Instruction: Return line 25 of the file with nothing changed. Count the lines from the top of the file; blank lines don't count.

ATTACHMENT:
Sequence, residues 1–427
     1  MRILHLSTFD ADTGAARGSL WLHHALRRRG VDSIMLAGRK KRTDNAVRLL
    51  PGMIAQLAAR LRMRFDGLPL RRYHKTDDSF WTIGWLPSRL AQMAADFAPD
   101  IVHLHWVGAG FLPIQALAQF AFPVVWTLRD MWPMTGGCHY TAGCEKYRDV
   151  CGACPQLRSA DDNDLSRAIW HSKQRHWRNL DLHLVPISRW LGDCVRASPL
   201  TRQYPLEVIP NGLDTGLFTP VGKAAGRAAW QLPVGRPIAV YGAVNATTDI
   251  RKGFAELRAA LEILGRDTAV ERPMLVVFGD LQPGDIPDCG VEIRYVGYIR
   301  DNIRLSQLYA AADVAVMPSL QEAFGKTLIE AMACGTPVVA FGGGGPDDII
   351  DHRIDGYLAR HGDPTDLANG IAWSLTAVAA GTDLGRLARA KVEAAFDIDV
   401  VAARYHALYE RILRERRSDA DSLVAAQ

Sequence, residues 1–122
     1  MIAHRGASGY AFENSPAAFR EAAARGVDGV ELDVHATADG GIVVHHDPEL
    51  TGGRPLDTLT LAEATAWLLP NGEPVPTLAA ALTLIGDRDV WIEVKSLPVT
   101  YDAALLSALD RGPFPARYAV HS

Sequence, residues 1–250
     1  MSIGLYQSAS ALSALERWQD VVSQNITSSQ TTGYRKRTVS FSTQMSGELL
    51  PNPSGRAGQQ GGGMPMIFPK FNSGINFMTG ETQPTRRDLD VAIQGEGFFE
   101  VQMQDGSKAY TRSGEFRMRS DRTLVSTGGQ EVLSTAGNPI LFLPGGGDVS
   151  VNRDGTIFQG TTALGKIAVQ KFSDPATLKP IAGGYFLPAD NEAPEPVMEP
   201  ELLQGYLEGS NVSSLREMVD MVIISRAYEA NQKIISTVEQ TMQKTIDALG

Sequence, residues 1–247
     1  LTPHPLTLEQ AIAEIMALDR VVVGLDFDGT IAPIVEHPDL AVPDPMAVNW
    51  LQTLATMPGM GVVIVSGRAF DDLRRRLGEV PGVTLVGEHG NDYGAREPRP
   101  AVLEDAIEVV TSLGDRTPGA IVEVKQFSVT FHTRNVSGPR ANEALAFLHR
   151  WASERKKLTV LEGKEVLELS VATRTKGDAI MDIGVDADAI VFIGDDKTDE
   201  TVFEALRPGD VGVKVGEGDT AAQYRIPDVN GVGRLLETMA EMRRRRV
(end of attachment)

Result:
   151  WASERKKLTV LEGKEVLELS VATRTKGDAI MDIGVDADAI VFIGDDKTDE